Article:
Good as Gold: Advice from Alumna Jessica Lawson

public history

Good as Gold: Advice from Alumna Jessica Lawson

Jessica Lawson is a veteran and a historian for the 944th Fighter Wing at Luke Air Force Base. She graduated from SHPRS with her bachelor’s in history and a minor in religious studies. We asked her about her time here at ASU and why she chose Public History.

A bookshelf with brightly colored books

10 things to know about the Undergraduate Research Experience

Blog post by Hailee Nance

Published September 29, 2023 HistoryPhilosophyReligious Studies Activities Undergraduate Research Experience Faculty Erin Craft Students Lily Crigler

Lily Crigler is an undergraduate history major who worked on the public history Undergraduate Research Experience last spring. We asked her a few questions about her time in the program, and here and 10 things you should know.

Operating room with four medical professionals operating on an unseen patient.

Overcoming the Pandemic: Unforeseen Challenges in Public History Work

Written By Alex Fierro

A 1947 Postcard showing the entrance to Good Samaritan Hospital Published September 9, 2022 History Public History Faculty Erin Craft, Mark Tebeau Students Alex Fierro Partners Arizona Historical Society

     With the onset of the Covid-19 Pandemic in early 2020, those working in the realm of public history, like the rest of the world, confronted a number of daunting and unprecedented challenges.

JOTPY Has Diverse Oral Histories For Pandemic Research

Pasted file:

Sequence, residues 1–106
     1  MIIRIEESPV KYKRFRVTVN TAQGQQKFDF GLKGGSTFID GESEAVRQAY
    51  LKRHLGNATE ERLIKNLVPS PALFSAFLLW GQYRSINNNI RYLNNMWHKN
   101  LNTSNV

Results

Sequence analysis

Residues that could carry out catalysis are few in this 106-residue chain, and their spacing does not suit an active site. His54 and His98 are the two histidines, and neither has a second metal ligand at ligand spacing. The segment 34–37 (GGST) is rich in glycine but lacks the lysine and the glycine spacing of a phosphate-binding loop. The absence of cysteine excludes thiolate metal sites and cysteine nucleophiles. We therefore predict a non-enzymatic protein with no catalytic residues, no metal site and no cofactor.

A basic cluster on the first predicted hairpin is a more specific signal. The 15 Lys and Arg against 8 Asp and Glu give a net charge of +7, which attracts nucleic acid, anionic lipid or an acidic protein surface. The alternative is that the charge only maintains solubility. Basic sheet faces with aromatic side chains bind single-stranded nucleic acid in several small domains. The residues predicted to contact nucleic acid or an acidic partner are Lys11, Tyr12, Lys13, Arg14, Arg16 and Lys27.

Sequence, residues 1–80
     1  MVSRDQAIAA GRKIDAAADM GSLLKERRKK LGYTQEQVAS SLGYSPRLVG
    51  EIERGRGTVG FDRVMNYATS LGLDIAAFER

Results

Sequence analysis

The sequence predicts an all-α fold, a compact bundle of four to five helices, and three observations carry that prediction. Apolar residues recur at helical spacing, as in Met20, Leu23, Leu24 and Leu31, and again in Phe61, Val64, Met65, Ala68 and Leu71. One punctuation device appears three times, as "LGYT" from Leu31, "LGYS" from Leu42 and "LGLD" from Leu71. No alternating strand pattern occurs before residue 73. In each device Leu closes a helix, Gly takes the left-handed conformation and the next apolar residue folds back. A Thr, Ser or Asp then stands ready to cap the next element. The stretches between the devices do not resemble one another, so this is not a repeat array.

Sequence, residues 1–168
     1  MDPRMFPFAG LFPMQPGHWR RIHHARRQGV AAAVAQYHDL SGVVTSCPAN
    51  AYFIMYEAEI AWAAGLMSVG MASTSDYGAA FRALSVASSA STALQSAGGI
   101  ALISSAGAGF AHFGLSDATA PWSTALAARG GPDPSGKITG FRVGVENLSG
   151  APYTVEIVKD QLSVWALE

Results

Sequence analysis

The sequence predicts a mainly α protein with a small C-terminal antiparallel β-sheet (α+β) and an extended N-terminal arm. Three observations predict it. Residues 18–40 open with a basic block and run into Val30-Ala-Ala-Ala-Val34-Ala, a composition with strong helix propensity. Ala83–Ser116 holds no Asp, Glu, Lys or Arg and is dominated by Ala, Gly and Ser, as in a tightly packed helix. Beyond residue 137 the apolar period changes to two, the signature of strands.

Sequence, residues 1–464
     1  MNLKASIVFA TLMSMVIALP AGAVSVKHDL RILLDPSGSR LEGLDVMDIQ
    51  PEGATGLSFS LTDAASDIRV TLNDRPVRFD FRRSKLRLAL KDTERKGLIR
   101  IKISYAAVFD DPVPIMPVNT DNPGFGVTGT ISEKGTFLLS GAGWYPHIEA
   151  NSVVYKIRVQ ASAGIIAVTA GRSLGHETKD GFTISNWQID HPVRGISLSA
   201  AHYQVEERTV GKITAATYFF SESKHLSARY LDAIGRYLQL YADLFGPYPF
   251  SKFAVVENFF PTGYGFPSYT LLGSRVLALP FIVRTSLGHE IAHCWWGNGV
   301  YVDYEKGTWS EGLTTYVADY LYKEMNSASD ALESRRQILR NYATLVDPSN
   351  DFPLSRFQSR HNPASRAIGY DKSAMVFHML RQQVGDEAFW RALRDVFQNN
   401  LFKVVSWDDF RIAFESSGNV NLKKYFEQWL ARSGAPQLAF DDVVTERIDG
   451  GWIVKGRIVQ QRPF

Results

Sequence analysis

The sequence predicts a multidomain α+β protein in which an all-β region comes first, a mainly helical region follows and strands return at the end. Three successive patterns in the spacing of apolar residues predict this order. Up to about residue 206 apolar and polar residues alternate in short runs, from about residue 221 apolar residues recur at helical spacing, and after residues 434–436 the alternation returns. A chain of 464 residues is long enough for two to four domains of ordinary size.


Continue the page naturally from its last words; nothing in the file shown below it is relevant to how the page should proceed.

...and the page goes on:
Blog post by Jason Inskeep

During the onset of the COVID-19 pandemic, a constant stream of information barraged humans with alarming news, death statistics, and polarizing political stances. A wide variety of social media, forums, and video conferencing programs provided people an outlet.

History in the Wild podcast: The Brothers’ Grimm Stories

Blog post and podcast by Gene Gravett

My name is Gene Gravett, and I’m non-binary—my pronouns are they/them. I am graduating this spring with a major in History and a minor in Political Science through the Starbucks College Achievement Plan. I hope to be accepted into a Master’s Program in Education Policy after a year off from school.

History in the Wild podcast: Fort Vancouver: Furs to Flight

Blog post and podcast by Carolina Trestain

My name is Lina Trestain, and I’ve just wrapped up my last term of my undergrad in History. I decided to take Dr. Rhodes’ History in the Wild because I have never made a podcast, but I like the idea of using them to share information.

History in the Wild podcast: Witchcraft

Blog post and podcast by Devon Hartwig.

The inspiration for “Witchcraft” came as a combination of my love for all things fantasy as well as an interest in the Early Modern period. The history surrounding witchcraft in the world is a unique blend of fear of the unknown, mysticism, and more recently it has become a symbol of female empowerment.

Fear: The Human Experience that Binds Us

Blog post by Pamela Zupo

Whether it is called the plague, the Black Death, or the Coronavirus, widespread disease has a way of generating fear and outright terror among those living within its invisible presence.  Epidemics, such as the pestilence that afflicted the Iberian Peninsula of Spain during the late sixteenth century still resonate with historical truths that can be felt five hundred years later.

Uncertainty and Fear as a Universal Conditions

The Great Castilian Plague of 1596-1601 and the Covid-19 Pandemic of today

By Sarah Peterson

Not much has changed in human history between the Castilian Plague of 1596-1601 and the COVID-19 pandemic of 2020-now. Sure, we understand science and data more than our ancestors, but common themes abound between our shared experience today and the lives of those caught-up in the late sixteenth-century Castilian pestilence.